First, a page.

Sunday, 14 May 2017

Edmund Ironside: the best king we nearly had?

To many, Edmund Ironside is but a footnote in the history of England prior to the Norman Conquest. Other than having a pretty cool nickname (awarded for his valour in fighting the Danes, according to the Anglo-Saxon Chronicle), this man who ruled for little more than seven months had the makings of a king who could have rivalled Alfred's achievements and might also have earned the epithet 'the Great' had he survived.

Edmund was born somewhere around 988-990, the third son of Aethelred II, one of the other few well known late Anglo-Saxon kings due to his even cooler nickname, 'the Unready'. Rather than meaning he was forever popping to the shops without his wallet, or was always last to be ready to leave the house on family days out, the name is actually a passable attempt at late Saxon humour. The name Aethelred meant 'Noble Counsel' and so Unraed was a play on words as it suggested he was poorly counselled or unwise. The chronicler who came up with that one must have been extremely pleased with himself and, no doubt, never let anyone forget it.

Poorly advised or not, he was certainly prolific in the bedroom department. Through he first wife, Aelfgifu, he was father to six boys and four girls and then, when she died, he married Emma of Normandy and had two further boys, Alfred and Edward (later to become Edward the Confessor) and a daughter.

Aethelred's nickname was well earned though. It was during his reign that the Danish incursions began again. The king's response, however, consisted largely of paying huge sums of money, known as the Danegeld, in order to secure peace and freedom from his lands being ravaged. Whilst it may have worked in the short term, it had the effect of encouraging more raids as they came with the expectation of booty with little danger to life or limb. No doubt at the time it was felt to be the best way to spare his people and their lands and - to be fair - it had been a tactic in use for some while; even Alfred the Great had bought off the Danes at times.

Matters came to a head, however, on St Brice's day (13 Nov) 1002 when Aethelred ordered the massacre of all Danes living under English rule. On its own this was inflammatory enough but one of the victims on that day was the sister of Sweyn Forkbeard, king of Denmark and Norway. This led to years of Danish invasions and raids, culminating with the whole country submitting to Sweyn at the end of 1013 and Aethelred forced to flee to Normandy with Emma and their two children, Alfred and Edward. No mention is made of Edmund and it is thought that he stayed in England, presumably somewhere out of the way of Sweyn.

Sweyn was therefore, effectively, king of all England, though his reign lasted no more than a few weeks as he died in February 1014. At this point the Danes declared Sweyn's son, Cnut (yes him that tried to stop the tide) king, whereas the Witan (a kind of precursor of Parliament) declared for Aethelred and beseeched him to return from Normandy.

For once in his life, Aethelred showed decisiveness and energy, so much so that Cnut was forced to return to Denmark. He returned a year later, however, and proceeded to ravage most of England. By this time Aethelred was very sick and was unable to lead the army himself, eventually dying on 23 April 1016 in London. Most of the country was under the control of Cnut by now and the Witan proclaimed him king. London, however, resisted and elected Edmund king.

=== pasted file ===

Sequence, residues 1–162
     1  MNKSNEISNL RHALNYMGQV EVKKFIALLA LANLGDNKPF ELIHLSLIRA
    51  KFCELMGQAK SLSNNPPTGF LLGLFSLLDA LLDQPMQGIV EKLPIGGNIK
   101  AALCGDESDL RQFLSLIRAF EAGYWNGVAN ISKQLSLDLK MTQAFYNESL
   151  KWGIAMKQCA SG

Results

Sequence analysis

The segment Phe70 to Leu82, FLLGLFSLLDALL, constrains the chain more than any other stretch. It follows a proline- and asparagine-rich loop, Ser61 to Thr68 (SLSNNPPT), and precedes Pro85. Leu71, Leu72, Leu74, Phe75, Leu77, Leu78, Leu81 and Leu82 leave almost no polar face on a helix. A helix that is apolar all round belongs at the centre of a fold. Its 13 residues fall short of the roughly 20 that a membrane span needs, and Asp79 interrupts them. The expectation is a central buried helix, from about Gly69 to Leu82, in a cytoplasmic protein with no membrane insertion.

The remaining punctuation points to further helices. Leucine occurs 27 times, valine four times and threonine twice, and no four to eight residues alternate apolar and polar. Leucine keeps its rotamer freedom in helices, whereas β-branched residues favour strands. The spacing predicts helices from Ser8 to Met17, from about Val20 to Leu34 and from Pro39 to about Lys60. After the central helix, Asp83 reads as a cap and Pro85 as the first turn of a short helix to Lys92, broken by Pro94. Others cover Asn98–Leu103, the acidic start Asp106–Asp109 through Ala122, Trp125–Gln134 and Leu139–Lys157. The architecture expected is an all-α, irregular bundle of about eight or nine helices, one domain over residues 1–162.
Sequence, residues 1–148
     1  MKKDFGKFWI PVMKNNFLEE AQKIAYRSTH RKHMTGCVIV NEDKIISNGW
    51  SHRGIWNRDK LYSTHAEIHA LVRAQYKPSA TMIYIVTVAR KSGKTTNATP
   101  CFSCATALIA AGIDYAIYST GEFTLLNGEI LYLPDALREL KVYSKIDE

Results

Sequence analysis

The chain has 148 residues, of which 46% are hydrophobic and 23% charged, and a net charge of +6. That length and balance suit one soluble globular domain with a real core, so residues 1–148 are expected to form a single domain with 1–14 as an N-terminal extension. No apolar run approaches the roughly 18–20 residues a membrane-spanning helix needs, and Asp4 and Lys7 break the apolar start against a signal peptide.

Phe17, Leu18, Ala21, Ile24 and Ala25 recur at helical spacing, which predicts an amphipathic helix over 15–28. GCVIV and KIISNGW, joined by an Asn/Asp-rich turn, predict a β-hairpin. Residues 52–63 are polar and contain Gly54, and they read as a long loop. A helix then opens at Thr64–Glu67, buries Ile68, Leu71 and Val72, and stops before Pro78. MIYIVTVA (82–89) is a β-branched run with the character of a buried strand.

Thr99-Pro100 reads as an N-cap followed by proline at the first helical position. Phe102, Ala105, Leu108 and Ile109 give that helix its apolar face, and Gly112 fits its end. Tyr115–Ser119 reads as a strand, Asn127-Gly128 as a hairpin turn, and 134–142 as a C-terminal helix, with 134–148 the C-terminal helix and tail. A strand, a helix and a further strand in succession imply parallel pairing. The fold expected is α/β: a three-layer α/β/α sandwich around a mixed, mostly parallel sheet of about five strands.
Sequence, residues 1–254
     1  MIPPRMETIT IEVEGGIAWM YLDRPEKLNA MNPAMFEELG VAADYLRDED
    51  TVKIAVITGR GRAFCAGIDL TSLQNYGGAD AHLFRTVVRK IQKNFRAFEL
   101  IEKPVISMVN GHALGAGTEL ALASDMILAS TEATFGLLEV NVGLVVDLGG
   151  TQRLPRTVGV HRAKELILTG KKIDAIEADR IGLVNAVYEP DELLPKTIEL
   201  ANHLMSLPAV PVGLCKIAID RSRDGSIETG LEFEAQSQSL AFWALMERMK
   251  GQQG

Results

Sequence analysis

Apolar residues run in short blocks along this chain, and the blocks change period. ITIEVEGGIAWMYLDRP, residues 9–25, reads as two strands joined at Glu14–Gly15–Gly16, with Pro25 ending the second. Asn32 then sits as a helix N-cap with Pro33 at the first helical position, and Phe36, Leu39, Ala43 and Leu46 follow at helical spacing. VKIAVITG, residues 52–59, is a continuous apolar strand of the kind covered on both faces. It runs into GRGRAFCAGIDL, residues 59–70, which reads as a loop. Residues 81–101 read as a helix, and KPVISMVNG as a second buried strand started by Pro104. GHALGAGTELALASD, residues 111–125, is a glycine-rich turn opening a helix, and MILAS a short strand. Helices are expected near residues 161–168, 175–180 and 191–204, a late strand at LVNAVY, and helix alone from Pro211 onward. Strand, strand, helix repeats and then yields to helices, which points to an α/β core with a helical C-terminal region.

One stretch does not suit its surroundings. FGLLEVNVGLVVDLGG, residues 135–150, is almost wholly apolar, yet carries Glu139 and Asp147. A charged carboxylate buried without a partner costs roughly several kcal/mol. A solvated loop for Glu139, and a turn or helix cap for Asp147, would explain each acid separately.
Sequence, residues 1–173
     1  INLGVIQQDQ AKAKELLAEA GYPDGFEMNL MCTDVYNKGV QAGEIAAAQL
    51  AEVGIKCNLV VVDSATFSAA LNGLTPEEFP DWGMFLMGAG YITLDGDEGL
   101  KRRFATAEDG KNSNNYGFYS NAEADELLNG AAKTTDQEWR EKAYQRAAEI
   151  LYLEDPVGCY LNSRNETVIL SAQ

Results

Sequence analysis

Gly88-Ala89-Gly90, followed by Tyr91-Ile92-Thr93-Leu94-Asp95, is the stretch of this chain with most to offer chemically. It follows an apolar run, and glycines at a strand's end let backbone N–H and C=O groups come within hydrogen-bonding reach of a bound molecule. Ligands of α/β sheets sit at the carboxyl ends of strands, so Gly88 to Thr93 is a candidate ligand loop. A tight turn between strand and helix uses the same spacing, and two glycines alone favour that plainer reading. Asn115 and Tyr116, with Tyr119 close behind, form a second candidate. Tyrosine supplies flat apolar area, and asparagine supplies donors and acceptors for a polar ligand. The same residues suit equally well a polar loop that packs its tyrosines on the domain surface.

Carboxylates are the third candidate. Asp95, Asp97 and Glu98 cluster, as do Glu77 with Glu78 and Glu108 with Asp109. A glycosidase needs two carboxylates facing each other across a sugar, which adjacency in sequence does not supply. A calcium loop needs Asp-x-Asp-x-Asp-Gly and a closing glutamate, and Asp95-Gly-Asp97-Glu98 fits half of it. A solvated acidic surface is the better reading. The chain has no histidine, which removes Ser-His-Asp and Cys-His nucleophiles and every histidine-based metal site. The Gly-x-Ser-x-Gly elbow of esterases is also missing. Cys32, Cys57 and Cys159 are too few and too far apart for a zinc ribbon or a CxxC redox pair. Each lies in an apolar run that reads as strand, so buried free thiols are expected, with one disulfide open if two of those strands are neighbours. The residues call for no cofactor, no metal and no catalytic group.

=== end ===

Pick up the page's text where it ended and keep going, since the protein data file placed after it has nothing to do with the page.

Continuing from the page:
Now began seven months of almost continual struggle, with Edmund time and again raising troops to fight the Danish invader. In total, Edmund fought five battles against Cnut, most of which were inconclusive, until the battle of Assandun in Essex in October. In order to raise enough men to fight the Danes, Edmund had allied with the earl of Mercia; a man called Eadric Streona who had a reputation for changing sides. It proved to be a disastrous move as, at the crucial moment,  Eadric deserted Edmund and turned his men against the king. The outcome was a catastrophic defeat for Edmund in which many of the nobles of the land and their sons were killed.

Even then, Edmund refused to capitulate. As his ancestor, Alfred, had before him, he went west once more into the heartlands of Wessex to raise a new army. Cnut caught up with Edmund in Gloucestershire where, rather than fight another battle, a deal was struck such that the kingdom was split between the two of them, with the agreement that on the death of the first, the survivor would assume the whole kingdom.

It is a matter of conjecture what would have happened next as, before anything could happen, Edmund died - only a month after the treaty had been signed. The cause of death has never been fully established, with many pointing to assassination on Cnut's or Eadric's orders. A couple of chronicles even carry a gruesome tale of an assassin hiding in the khazi and killing the king by stabbing him up through his guts as he went about his business. There can't be many worse ways to go, and it could not have been too pleasant for the assassin either. However, it is just as likely that he died of wounds he received at Assandun.

Edmund's death settled matters as Cnut assumed the kingship of the whole of England, ruling until 1035 when he was succeeded by his son. All was not yet lost for the House of Wessex, however, as Edmund's step brother, Edward (the Confessor), was to return to England to take the throne in 1042.